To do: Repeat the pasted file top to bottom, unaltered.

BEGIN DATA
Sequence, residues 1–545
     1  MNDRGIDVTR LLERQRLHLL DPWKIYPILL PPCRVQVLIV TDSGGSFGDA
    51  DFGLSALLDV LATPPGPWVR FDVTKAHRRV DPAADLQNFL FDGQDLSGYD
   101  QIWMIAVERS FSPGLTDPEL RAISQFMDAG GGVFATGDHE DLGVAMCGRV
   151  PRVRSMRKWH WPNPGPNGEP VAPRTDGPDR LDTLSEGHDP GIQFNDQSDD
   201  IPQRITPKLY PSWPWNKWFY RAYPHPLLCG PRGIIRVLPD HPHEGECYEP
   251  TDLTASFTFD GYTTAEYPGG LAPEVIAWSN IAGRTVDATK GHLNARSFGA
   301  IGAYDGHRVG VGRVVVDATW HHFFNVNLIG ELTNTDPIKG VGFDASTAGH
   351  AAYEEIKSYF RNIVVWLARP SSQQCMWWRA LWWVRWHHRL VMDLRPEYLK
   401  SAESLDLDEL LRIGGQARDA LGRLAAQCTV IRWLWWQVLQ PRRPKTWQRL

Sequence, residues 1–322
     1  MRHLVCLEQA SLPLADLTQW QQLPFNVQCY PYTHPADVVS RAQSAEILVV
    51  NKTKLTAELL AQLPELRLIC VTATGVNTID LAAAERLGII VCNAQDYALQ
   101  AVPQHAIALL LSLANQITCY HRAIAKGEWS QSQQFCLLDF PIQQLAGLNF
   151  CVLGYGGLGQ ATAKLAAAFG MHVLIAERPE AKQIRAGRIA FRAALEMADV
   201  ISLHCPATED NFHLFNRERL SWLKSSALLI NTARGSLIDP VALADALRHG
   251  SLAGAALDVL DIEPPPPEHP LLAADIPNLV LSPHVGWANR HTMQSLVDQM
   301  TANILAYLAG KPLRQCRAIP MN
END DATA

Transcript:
Sequence, residues 1–545
     1  MNDRGIDVTR LLERQRLHLL DPWKIYPILL PPCRVQVLIV TDSGGSFGDA
    51  DFGLSALLDV LATPPGPWVR FDVTKAHRRV DPAADLQNFL FDGQDLSGYD
   101  QIWMIAVERS FSPGLTDPEL RAISQFMDAG GGVFATGDHE DLGVAMCGRV
   151  PRVRSMRKWH WPNPGPNGEP VAPRTDGPDR LDTLSEGHDP GIQFNDQSDD
   201  IPQRITPKLY PSWPWNKWFY RAYPHPLLCG PRGIIRVLPD HPHEGECYEP
   251  TDLTASFTFD GYTTAEYPGG LAPEVIAWSN IAGRTVDATK GHLNARSFGA
   301  IGAYDGHRVG VGRVVVDATW HHFFNVNLIG ELTNTDPIKG VGFDASTAGH
   351  AAYEEIKSYF RNIVVWLARP SSQQCMWWRA LWWVRWHHRL VMDLRPEYLK
   401  SAESLDLDEL LRIGGQARDA LGRLAAQCTV IRWLWWQVLQ PRRPKTWQRL

Sequence, residues 1–322
     1  MRHLVCLEQA SLPLADLTQW QQLPFNVQCY PYTHPADVVS RAQSAEILVV
    51  NKTKLTAELL AQLPELRLIC VTATGVNTID LAAAERLGII VCNAQDYALQ
   101  AVPQHAIALL LSLANQITCY HRAIAKGEWS QSQQFCLLDF PIQQLAGLNF
   151  CVLGYGGLGQ ATAKLAAAFG MHVLIAERPE AKQIRAGRIA FRAALEMADV
   201  ISLHCPATED NFHLFNRERL SWLKSSALLI NTARGSLIDP VALADALRHG
   251  SLAGAALDVL DIEPPPPEHP LLAADIPNLV LSPHVGWANR HTMQSLVDQM
   301  TANILAYLAG KPLRQCRAIP MN